Conferences are not all monologues and panels. I’m not unhappy paying to be in the same place as interesting people so we can talk, outside session rooms if need be. I wish more movie venues had places to sit and talk – even during a movie – you know, STOP ACTION and let’s discuss, then back to the movie.
Maybe we just want to combine the best of both worlds.
Current movie recommendations – and movies about which I’d like to talk: “Brave”, “Beasts of the Southern Wild”, “Moonrise Kingdom”, and “Marigold Hotel.”
Joan, Joan, Joan:
Thanks for reading and commenting. And yes, you are an outlier. You are not the norm…but you already know that. And we are grateful that you are not the norm! 😉
Since you took the blog post in a different direction and mixed the metaphors, I’m going to redirect back so we are comparing apples to apples. Would you rather sit through a ninety-minute speech, without any audience engagement or a ninety-minute movie?
If you are going to compare speeches to conferences, you need to compare a film festival to a conference where talking IS appropriate. As a matter of fact, film festivals set up lots of areas for discussions of movies and even discussions with the actors and producers. It’s part of the process.
You said “Conferences are not all monologues and panels.” Well, all the ones we’ve been reviewing for clients for the past year are! Of course the ones where you speak are not all monologues and panels but the ones we’ve been evaluating are! I’ve yet to see a large trade-association conference that has more audience engagement than monologues.
I was trying to drive home the communication strategy of a movie versus the traditional speech. They are very different indeed and more conferences need to leverage the elements of story.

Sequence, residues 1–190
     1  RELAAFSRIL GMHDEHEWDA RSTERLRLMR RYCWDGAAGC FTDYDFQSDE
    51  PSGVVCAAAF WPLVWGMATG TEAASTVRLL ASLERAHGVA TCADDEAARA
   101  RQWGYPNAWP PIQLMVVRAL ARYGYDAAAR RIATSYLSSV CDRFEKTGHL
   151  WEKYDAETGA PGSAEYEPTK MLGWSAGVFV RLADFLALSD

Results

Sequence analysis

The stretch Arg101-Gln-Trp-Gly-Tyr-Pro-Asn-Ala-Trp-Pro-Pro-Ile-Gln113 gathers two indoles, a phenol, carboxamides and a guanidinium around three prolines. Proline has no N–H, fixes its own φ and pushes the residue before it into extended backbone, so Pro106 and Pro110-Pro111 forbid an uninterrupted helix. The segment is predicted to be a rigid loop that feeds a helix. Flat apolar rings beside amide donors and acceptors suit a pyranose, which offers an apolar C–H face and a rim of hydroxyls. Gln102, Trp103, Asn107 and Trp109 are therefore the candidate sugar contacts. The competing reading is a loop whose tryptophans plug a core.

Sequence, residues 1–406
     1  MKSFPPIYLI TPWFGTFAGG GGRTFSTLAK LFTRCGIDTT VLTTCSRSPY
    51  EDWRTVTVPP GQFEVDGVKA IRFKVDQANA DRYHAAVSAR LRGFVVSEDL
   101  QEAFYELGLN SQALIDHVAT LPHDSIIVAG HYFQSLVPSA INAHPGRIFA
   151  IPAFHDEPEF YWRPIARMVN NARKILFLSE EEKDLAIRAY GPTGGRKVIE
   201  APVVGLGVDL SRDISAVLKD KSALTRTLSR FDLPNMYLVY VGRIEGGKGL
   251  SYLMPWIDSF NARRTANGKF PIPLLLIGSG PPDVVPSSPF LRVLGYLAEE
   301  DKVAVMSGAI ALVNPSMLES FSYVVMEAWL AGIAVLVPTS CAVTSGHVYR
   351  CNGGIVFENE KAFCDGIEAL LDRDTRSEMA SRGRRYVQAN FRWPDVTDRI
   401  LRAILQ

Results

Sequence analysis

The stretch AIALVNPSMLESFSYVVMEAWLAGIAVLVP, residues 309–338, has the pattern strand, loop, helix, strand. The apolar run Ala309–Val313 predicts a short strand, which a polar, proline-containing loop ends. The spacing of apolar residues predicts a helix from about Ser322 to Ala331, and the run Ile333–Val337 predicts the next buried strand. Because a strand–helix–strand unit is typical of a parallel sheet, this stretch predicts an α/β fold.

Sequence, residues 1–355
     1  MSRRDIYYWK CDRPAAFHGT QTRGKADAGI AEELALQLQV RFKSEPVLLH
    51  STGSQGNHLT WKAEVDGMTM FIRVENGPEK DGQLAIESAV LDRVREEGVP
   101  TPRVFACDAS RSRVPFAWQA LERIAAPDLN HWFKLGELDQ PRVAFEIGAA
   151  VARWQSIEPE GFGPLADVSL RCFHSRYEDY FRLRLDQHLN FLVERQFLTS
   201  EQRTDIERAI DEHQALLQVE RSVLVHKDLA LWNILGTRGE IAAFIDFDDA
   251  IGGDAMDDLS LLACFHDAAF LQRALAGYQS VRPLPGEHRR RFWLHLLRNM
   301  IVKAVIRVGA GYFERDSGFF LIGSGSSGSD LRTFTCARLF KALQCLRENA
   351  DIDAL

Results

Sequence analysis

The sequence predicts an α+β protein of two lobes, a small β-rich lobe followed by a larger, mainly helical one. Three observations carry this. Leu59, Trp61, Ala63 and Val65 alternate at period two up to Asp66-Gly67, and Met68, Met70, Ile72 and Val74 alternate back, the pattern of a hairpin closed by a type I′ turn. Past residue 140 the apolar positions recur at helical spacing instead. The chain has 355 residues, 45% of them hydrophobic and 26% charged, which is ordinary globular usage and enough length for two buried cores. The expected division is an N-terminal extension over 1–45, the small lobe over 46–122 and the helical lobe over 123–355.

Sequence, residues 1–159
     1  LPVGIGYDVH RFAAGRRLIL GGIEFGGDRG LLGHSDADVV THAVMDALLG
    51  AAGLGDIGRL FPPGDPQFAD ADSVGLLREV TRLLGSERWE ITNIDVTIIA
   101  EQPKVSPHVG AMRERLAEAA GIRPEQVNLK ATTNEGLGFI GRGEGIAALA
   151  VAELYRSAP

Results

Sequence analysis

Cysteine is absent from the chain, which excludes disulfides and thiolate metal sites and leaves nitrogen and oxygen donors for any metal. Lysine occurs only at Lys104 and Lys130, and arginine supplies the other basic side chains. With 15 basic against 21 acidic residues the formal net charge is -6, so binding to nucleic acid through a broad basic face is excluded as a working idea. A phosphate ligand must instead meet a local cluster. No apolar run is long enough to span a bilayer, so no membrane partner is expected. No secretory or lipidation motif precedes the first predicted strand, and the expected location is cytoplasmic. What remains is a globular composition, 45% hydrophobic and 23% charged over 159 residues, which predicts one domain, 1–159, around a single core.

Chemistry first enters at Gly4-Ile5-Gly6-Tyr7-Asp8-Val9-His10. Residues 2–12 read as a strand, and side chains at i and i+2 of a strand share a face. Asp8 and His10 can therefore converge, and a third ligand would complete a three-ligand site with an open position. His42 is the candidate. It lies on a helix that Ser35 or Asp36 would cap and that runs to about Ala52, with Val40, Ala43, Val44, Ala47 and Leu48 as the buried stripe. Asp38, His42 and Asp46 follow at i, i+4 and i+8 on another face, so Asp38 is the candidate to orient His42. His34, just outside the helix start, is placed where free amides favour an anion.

And as you said, you don’t mind paying to be in the same place as others so you can sit in the halls and talk with interesting people. You really are not following the conference agenda, you are creating your own experience. By that very act, you are signifying that the conference agenda and planned schedule does not meet your needs. H-m-m-m. You’d rather be involved with the stories of interesting people’s lives. Sound more like a movie to me.
BTW, I love Beasts of the Southern Wild! It was heart-wrenching for sure. What an amazing story too!
[…] social connections, reflection and the true experience often happens outside the schedule. Just ask Joan Eisenstodt who often travels to conferences to connect with interesting people in the hallways. She’s […]
I know it “should” be that I want to be in a 90 min. movie. Alas, not always.
And thinking about this has been a good exercise for me: generally I hate lectures – “talking heads” – “sages on stages” — and rebel at very opportunity. That said, there have been times when I’ve been riveted by the information and the visuals, the style and substance of a speaker more so than some movies in which I can’t keep my eyes open.
The conferences I’ve attended and reviewed over many years have been good and awful — from my perspective. Have they been awful to me when they’ve been good for a client’s audience? Yeah and it always puzzles me.
Why can’t we have a good mix of content delivery at conferences? Why can’t “peer-to-peer interaction” (“networking” to some) be done in different ways to meet different needs?
Do we go with “it depends”?
And should I thank you for acknowledging my not being the norm?